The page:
In 1937, Ming was born in Sichuan, the hometown of giant pandas. In the era when people still didn’t have the concept of animal protection, she was captured and resold several times, and eventually fell into the hands of the American banker Floyd Tangier Smith.
Smith is known as the “Panda King”. He appeared in the Sichuan and Xikang areas all year round, and he has acquired more than ten living giant pandas, but about half of them died unfortunately before even being sent. Because of several resales, no one knew where “Ming” came from. All we know is that “Ming” boarded a journey to Europe with 7 other pandas.
At that time, the Chinese people were fighting against the Japanese invaders. The original plan of descending along the Yangtze River to Shanghai could not be implemented. Only through land, from Sichuan to Guizhou, Guangxi, and Guangdong, and after several rounds, they finally arrived in Hong Kong.
According to Smith’s memories, there were a lot of mobs and the road was bumpy. The giant pandas were transported in a cage and by truck. One of the trucks turned over midway and there were two giant pandas escaping temporarily. When he loaded the ship in Hong Kong, he found that another panda had died.
The five surviving giant pandas were loaded onto the deck of a freighter. After a difficult voyage in January, they finally arrived in London in a snowstorm on Christmas Eve in 1938. Unfortunately, a panda named “Grandma” unfortunately contracted pneumonia and died two weeks later.
The remaining four giant pandas, one of them called “Little Happy”, was bought by a German animal dealer and was moved to various zoos in Germany. It was finally sold to the United States. The names of the remaining three pandas were “Bei Bei”, “Little Fool” and “Little Angry”. “Ming” was still a little cub at that time, and it was called “Bei Bei”.
The London Zoological Association, which manages the London Zoo, has acquired “Bei Bei”, “Little Fool” and “Little Angry”. The new owner has studied a lot about Chinese history. The three pandas are named after the Chinese dynasties – “Tang”, “Song” and “Ming”.
“Ming” quickly became a star of London at that time, and its image frequently appeared in cartoons, postcards, toys, newspapers and magazines in the UK, even TV programs that had just started were enthusiastic to take videos of Ming.
In 1939, World War II broke out. The following year, Germany launched an unprecedented bombardment of Britain. The appearance of “Ming” had injected a rare hint of joy and pleasure into the tense atmosphere, which is especially valuable to the unsettled British children.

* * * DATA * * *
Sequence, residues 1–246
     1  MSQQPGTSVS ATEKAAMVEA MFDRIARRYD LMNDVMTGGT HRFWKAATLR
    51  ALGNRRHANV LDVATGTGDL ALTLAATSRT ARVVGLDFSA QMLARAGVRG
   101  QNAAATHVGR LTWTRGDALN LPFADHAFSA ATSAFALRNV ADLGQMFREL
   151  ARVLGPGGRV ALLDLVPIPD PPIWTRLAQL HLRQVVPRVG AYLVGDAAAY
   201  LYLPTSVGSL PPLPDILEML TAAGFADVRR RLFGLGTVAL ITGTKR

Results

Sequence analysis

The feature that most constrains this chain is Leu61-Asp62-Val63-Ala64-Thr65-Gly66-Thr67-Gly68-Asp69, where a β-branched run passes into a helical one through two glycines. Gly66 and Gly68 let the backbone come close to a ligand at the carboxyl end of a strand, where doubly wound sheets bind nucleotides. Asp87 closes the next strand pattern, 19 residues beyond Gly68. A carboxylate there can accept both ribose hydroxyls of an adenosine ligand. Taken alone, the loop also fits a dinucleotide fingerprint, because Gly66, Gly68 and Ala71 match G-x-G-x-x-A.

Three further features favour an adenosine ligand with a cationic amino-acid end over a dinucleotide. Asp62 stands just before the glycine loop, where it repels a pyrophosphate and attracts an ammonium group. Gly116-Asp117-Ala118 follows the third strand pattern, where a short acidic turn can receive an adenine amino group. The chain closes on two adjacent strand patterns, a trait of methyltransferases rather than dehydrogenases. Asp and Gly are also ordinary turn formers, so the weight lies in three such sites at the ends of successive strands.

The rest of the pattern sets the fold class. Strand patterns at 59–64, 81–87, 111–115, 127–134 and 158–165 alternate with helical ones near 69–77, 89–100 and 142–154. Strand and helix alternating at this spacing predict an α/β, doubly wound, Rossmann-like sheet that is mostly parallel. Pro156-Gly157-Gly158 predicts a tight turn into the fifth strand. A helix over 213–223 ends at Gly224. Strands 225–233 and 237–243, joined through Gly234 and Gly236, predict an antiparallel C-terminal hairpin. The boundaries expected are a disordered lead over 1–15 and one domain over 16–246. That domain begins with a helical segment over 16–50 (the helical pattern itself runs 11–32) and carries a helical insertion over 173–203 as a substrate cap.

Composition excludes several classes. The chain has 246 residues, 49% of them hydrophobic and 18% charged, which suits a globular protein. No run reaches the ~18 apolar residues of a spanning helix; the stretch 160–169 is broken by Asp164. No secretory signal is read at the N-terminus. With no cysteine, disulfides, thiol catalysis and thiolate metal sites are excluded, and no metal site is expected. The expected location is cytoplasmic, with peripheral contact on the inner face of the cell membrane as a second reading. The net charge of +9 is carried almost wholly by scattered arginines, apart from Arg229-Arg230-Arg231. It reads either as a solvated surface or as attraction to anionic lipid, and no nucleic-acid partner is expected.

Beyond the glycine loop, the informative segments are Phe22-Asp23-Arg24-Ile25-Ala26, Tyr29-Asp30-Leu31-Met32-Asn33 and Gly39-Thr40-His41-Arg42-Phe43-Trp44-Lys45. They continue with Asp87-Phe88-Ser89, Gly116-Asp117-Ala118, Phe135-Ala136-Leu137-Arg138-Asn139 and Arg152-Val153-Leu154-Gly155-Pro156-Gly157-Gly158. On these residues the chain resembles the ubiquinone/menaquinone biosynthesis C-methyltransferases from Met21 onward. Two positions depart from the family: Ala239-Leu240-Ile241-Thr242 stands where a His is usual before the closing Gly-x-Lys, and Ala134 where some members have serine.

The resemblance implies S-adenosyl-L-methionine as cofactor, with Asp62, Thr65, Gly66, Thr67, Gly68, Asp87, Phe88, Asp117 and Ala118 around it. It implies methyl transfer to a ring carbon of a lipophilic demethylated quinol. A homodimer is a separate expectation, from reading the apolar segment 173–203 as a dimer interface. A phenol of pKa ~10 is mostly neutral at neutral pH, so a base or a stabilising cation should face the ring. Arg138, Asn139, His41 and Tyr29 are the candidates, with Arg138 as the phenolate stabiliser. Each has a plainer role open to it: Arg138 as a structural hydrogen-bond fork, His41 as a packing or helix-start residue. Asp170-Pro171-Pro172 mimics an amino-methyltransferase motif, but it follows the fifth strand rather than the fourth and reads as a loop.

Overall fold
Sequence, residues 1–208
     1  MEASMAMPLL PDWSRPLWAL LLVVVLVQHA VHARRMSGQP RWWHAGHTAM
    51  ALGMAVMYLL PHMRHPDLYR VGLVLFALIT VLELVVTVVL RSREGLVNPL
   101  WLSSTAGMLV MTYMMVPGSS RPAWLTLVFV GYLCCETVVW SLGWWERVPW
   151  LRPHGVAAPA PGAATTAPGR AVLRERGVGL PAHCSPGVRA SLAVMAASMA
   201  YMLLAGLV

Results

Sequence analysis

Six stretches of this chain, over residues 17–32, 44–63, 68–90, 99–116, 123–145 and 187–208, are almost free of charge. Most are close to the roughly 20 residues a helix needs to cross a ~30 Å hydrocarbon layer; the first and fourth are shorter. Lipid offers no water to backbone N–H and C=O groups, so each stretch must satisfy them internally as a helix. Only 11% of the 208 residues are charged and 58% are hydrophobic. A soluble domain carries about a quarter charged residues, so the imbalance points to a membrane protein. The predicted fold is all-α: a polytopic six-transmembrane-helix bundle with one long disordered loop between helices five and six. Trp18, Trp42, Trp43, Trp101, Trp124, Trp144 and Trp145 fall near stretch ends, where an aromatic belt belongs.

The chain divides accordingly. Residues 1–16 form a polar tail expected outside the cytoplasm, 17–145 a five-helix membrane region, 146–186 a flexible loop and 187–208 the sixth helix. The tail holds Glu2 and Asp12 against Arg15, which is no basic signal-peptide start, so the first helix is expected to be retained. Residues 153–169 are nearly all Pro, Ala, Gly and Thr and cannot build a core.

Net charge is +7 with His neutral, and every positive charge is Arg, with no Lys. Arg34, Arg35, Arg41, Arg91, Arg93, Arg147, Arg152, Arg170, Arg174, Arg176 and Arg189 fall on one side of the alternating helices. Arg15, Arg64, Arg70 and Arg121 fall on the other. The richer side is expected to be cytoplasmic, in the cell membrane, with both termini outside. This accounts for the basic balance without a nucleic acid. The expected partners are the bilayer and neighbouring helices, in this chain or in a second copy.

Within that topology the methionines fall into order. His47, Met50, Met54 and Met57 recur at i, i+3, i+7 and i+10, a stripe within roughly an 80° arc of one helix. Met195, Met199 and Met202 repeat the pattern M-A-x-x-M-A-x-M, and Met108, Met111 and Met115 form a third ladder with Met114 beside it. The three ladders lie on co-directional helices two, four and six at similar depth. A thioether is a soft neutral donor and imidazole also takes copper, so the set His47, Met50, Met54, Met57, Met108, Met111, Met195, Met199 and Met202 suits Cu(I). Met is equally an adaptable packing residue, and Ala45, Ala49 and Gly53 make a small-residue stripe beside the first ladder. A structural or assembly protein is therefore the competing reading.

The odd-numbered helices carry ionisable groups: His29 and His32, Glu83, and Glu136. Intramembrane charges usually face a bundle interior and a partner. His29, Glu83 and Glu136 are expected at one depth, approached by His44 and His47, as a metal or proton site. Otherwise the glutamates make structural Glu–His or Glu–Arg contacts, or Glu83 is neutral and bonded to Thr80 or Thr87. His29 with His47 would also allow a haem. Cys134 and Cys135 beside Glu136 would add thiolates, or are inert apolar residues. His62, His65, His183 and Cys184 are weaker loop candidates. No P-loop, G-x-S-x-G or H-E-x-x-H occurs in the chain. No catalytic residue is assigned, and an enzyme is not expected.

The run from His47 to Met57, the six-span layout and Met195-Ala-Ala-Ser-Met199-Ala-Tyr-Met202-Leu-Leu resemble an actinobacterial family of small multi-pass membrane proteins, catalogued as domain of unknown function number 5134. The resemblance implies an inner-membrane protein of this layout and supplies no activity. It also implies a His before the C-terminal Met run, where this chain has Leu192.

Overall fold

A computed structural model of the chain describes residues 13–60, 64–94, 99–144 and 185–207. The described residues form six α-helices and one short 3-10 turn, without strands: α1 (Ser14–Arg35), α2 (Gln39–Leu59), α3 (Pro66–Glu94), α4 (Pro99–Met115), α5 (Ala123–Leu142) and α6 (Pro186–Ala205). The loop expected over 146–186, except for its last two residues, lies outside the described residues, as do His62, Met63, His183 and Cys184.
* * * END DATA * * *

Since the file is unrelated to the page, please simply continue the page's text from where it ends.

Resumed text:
At that time, the Chinese writer and artist Jiang Yi, who was living in London at the era, went to the London Zoo and saw the British people queue up outside the giant panda pavilion.
They were all looking forward to having closer contact with the giant pandas. Jiang Yi subsequently authored two illustrated books – “The Fairy Tales of the Ming Dynasty” and “The Book of Treasures and Giant Pandas”.
The famous British photographer Bert Hardy once took a photo that has spread all over the world. In the photo, the panda “Ming” seems to be playing with the tripod to take pictures of the photographer’s younger son, Mike. It looked pretty serious and people couldn’t help but burst into laughter after seeing this picture.
Later, the war became more and more serious. From 1940 to 1941, German aircraft bombarded 16 British cities including London, killing more than 40,000 citizens. The giant panda “Ming” was transferred to the Hewlett-Packard Snyder Zoo in the east of England, but was still often brought back to London to “meet his friends”. The panda “Ming” was like a stream of light in the dark, warming people’s hearts.
Unfortunately, it didn’t survive long enough to see victory. One day after Christmas 1944, it passed away with an unknown cause.
That day, it was snowing. The death of the giant panda “Ming” has caused mourning throughout the whole of Britain. The Times specially published an “obituary” for Ming, “it has brought happiness to so many souls. If it’s aware of this, then I’m sure it could leave happily. Even during these turmoil times in war, its departure is still worth remembering.”